Tuesday, January 10, 2017

Costco still fighting to build mega gas station at Wheaton Plaza

Seven years after first proposing to build a mega gas station outside its store at Wheaton Plaza, Costco is still fighting local residents over the issue. While many thought the big box chain would cut its losses and concede the point after many losses in court, Costco is now pressing the case in the Maryland Court of Special Appeals.

Arguments for both sides were presented in Annapolis yesterday. Thus there now remains a real possibility that the mega gas station could be built. There is only one higher court to appeal to in the state, whatever the outcome.

Here's what I find extremely intriguing. The Montgomery County Council strongly supports Costco, but viciously opposes Walmart, for purely political and ideological reasons. But when the Council used illegal means (placing and/or threatening limitations of property rights, which would have been overturned in court as spot zoning against one business), Walmart simply ran for the hills with its tail between its legs. I've never seen a "developer" run for their lives like that before or since in Montgomery County.

In the same spot, its plans vehemently opposed by community activists, Costco continually doubles down and throws everything but the kitchen sink at the neighbors. In the end, the Council supported the mustache-twirling robber barons of Costco (giving millions in Costco-targeted taxpayer funds to Westfield, to boot) over Walmart, against their own constituents. Interesting.

Whether you support or oppose the mega gas station is beside the point (I'd very much like to have Sheetz convenience stores in Montgomery County, but a "mega gas station" comes with those too) -- which big box is anti-community again?


  1. Costco is a regional draw and they pay their employees a solid wage. It's perfectly valid to disagree w/the county's use of funds to attract the company, but it's absurd to say the only difference between a Walmart and a Costco is "political."

    1. But it is political - the idea that a retailer has a right to operate in Montgomery County based on whether I arbitrarily think their wages are too low or too high is a completely political, ideological determination. Not an economic one. Both have big box stores, but look at which one is most eager to fight the community - Costco. For the sake of fossil fuels, to boot! They really make odd bedfellows with their adoring fans on the Council.

    2. How are wages not an economic issue? Of course MoCo - and any other jurisdiction with options - doesn't want to attract low-wage employers. What political party prefers Walmart's $10.75/hour (would be lower but for county requirements) employees to Costco's $45K/year employees, if this is a political issue? What jurisdiction wants their residents to work full time at Walmart, yet still have to be on welfare to survive?

    3. The answer is...every single jurisdiction that surrounds us welcomes Walmart, including the ultra-liberal DC Council. Interestingly, every single jurisdiction around us also added jobs since 2000 - even Culpepper and Carroll County. Meanwhile, anti-Walmart Montgomery County experienced an embarrassing net *loss* of private sector jobs over that same period.
      Just cross the County line into DC, Fairfax, Gorgeous Prince George's, Frederick and Carroll Counties - you seemingly hit a Walmart every mile. Plenty of people - in fact, a record number - in Montgomery County earn minimum wage and are on welfare.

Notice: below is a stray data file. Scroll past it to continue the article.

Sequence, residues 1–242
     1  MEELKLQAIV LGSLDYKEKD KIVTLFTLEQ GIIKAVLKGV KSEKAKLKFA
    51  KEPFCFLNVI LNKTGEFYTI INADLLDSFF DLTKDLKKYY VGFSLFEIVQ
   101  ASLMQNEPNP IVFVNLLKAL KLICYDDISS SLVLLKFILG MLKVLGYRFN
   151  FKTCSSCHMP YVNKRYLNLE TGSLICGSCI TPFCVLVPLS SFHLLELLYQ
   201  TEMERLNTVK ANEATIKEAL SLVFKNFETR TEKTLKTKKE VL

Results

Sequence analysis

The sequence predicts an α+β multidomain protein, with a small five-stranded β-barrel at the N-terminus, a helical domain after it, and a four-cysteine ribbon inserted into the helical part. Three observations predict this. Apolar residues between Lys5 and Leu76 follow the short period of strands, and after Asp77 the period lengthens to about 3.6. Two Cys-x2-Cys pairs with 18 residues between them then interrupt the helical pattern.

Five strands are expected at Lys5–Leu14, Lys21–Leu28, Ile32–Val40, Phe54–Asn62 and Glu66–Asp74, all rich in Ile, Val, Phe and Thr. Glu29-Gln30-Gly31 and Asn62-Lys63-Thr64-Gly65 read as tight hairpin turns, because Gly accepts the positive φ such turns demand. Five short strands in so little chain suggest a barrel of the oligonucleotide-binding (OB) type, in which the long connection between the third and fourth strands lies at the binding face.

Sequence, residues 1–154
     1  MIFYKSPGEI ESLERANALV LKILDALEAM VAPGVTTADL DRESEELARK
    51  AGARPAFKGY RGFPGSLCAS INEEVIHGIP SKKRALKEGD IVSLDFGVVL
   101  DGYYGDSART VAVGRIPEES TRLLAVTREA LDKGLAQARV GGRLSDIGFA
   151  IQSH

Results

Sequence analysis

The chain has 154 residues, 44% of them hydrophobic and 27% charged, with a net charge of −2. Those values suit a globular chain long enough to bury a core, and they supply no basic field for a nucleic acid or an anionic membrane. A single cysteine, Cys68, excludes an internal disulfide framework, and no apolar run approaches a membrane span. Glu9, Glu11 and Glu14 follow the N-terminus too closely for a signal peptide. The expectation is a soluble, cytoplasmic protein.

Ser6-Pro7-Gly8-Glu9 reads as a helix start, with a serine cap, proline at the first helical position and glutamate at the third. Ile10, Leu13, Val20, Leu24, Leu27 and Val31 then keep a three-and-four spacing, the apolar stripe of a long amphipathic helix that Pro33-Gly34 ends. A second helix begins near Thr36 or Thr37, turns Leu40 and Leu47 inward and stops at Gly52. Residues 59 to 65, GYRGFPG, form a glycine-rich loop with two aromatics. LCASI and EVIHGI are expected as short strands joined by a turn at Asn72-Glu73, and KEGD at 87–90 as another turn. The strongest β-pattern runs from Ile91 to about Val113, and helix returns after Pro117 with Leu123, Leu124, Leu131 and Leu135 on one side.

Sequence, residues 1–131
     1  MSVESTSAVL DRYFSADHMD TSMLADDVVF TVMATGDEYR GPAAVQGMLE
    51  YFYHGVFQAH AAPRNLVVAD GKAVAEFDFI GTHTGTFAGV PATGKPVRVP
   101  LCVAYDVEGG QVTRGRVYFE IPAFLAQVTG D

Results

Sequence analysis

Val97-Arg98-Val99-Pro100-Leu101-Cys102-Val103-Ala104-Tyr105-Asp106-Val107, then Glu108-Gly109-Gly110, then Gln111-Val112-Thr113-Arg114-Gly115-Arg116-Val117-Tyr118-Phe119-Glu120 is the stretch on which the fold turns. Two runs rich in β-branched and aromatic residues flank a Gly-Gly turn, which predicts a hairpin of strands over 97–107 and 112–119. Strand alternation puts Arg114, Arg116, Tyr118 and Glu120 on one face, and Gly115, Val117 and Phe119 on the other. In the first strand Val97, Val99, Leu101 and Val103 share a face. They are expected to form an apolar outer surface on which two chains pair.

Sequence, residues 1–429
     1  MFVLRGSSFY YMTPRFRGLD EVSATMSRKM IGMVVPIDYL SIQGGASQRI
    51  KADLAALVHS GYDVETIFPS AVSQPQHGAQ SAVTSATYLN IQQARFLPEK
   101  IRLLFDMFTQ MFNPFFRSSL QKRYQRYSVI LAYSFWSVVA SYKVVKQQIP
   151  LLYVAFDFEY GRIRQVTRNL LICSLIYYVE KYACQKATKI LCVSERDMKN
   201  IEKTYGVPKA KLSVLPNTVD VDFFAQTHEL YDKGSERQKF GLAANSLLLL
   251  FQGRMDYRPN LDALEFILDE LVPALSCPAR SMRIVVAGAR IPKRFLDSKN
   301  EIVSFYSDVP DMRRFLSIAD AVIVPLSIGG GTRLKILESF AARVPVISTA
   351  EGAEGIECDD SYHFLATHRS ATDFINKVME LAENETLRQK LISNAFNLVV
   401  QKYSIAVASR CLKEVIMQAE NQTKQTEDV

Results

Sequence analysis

4. You, literally, just made my point without realizing it. Read up on Walmart in DC: DC allowed Walmart in w/the condition that they open two stores in severely underserved parts of Ward 7. And then Walmart turned around and screwed DC by backing out of those planned stores after their prefered stores opened. Go and ask DC if they still are happy with their choice to believe Walmart's lies. Spoiler alert: they're pissed as hell.


      And the rest of your argument still makes no sense. Of course the county favored Costco's higher salaries to Walmart's lower salaries. They have common sense. I don't understand why you are arguing against such a basic facts.

      Speaking of "basic facts:" you're 100% wrong in your claim "Montgomery County experienced an embarrassing net *loss* of private sector jobs...since 2000." Most recent (Q2 2016) BLS count has MoCo private sector jobs at 471K, roughly 100K higher than in 2000.

    5. For context, MoCo's entire job count (including govt jobs) was 474K in 2000; maybe that's what you're confusing.

    6. Even Hans Riemer's former chief of staff wrote a whole blog post on The Seventh State detailing how we lost private sector jobs while everyone else gained. The Maryland Retailers Association said we lost 2000 retail jobs over the same period. I studied all the stats myself. These sound like those magic numbers the County used to triple count each job - not accurate.

      I did follow the DC Walmart situation closely at the time because it was so relevant to us. What happened was, DC reached an agreement for all those stores, but then raised the minimum wage in the middle of the process. The less optimal store locations ceased to be profitable under the new wage cost, and Walmart canceled them. The DC Council was to blame for that.

    7. The numbers are from the BLS - you know, the Bureau of Labor and Statistics. So, to some up your argument, it's "nope! BLS facts aren't real!," "it's DC's fault that Walmart screwed them," and "Costco's higher paying jobs aren't better than Walmart's lower paying jobs - that's just 'politics,' not 'economics.'"